When finance crosses international borders, free markets do an adequate job of keeping everything in check.  The price of a good, service, or investment opportunity is generally the same regardless of where the transaction occurs.  More formally, the law of one price states that in an efficient market, all goods must have only one price.

This means that if an American firm and a European firm produce the same product, it should ultimately sell for the same price after accounting for currency differences.  Moreover, a bond in Japan and a bond in Brazil should pay the same yield after accounting for inflation expectations.

Three relationships tie together international finance…

Purchasing Power Parity (PPP) dictates that inflation expectations between two countries directly affects the foreign exchange rate between those two countries (and vice versa).  So, if inflation in Brazil is expected to be 3% higher than in Japan, the Japanese Yen should appreciate by roughly 3% more than the Brazilian Real.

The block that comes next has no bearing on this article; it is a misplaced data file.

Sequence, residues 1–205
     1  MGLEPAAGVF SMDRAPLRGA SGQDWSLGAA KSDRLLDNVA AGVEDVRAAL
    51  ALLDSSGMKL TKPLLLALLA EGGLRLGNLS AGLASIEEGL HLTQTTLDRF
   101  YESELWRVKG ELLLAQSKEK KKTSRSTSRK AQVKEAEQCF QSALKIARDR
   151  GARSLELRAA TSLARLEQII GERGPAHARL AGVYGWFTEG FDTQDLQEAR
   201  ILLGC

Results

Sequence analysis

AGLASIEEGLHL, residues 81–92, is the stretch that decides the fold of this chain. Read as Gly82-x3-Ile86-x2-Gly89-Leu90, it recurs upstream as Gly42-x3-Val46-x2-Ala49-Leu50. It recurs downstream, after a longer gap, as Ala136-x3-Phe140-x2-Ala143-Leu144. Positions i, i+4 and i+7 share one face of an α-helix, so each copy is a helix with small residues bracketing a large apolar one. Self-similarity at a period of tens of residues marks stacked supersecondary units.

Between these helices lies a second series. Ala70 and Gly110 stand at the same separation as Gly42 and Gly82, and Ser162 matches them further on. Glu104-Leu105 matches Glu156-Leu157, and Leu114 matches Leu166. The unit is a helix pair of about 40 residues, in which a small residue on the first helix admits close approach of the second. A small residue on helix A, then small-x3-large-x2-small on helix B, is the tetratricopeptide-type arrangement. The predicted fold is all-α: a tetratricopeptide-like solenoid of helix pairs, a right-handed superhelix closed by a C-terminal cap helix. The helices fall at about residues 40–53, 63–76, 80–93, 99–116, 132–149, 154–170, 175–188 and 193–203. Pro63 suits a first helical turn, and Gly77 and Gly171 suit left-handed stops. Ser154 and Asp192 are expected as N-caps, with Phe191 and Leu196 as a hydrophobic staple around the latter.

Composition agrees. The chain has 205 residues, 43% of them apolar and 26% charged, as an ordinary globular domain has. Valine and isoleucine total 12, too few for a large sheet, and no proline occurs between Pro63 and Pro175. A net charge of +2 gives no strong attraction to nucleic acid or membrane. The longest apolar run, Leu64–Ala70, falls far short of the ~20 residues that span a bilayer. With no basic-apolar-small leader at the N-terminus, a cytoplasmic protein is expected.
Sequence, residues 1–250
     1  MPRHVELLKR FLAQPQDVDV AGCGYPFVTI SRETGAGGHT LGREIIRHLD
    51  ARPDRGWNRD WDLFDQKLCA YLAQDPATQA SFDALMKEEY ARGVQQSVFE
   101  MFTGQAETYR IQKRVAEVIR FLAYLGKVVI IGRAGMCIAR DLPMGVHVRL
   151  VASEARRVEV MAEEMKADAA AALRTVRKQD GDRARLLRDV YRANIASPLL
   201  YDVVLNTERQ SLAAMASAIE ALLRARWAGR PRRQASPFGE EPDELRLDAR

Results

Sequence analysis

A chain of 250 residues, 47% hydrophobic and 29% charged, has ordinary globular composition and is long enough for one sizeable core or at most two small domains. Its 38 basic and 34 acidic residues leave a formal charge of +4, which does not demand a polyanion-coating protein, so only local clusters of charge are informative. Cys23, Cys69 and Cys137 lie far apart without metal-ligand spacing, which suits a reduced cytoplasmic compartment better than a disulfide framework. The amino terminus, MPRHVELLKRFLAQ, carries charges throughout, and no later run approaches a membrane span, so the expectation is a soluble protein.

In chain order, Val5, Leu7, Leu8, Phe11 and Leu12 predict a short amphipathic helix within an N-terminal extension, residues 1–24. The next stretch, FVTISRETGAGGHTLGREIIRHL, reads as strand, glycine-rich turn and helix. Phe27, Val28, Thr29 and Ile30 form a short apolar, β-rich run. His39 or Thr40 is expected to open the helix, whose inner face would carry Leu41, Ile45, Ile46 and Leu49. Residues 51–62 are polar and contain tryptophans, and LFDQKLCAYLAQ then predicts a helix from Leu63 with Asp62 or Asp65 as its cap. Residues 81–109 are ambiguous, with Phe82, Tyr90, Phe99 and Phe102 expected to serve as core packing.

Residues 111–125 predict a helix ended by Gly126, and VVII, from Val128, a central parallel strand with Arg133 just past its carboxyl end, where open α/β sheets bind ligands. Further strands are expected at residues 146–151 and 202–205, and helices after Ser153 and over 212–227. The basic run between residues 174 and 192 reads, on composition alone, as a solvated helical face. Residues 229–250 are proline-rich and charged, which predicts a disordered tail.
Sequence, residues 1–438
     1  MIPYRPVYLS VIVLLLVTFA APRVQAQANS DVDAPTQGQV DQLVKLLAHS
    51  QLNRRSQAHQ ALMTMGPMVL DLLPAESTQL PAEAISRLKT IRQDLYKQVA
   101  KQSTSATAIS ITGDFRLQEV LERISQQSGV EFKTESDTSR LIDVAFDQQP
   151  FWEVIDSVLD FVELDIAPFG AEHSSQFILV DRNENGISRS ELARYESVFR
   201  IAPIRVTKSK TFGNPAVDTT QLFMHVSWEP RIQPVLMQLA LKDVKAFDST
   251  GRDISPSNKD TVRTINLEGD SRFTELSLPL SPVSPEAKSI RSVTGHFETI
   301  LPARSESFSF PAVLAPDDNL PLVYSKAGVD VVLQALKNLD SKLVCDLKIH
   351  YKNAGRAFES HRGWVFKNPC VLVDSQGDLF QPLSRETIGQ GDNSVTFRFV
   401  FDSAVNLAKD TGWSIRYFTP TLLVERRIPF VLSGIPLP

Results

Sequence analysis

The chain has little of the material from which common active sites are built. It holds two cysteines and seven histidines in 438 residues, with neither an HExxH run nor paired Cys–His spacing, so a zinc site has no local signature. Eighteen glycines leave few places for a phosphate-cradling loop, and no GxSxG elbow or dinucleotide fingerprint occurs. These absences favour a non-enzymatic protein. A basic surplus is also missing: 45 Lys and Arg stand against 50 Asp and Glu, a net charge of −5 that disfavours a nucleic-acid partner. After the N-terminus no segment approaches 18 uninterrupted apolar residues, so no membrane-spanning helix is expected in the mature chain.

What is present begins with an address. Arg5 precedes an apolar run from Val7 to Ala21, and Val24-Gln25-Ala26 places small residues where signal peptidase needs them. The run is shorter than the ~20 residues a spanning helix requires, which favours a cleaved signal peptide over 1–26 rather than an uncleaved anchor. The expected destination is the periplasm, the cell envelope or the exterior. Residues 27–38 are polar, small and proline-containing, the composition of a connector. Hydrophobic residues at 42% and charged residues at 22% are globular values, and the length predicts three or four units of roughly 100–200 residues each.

Spot Rate Expected/Spot Rate Current = (1+ Inflation Foreign Country)/(1 + Inflation Domestic Country)


Interest Rate Parity (IRP) provides the relationship between interest rates and foreign exchange rates.  So, if the UK’s Bank of England raises interest rates relative to the US Federal Reserve’s interest rates, the British Pound Sterling would appreciate relative to the US Dollar.  This relationship, like PPP, works in reverse too; a change in the foreign exchange rates may provide market expectations of a change in interest rate policy.

Spot Rate Expected/Spot Rate Current = (1+ Interest Rate Foreign Country) /(1 + Interest Rate Domestic Currency)


The International Fisher Effect relates interest rates and inflation expectations.  For example, the difference between South African interest rates and Australian interest rates should be in line with the difference between South African inflation expectations and Australian inflation expectations.

Interest Rate Foreign – Interest Rate Domestic = Inflation Foreign – Inflation Domestic

(1 + Nominal Interest Rate) = (1 + Real Interest Rate) (1 + Expected Inflation)


Now this doesn’t work perfectly and in all situations.  For example, it’s somewhat difficult to export certain goods and services; as in, I can’t export a haircut overseas–some items may just not feasible.  Furthermore, a government may choose to restrict certain products by way of quota or tariffs (to the detriment of their countries consumers).  Finally, information costs may cause a market to appear inefficient.  These variances are exceptions to the rules above, overall, foreign exchange parity relationships generally hold.

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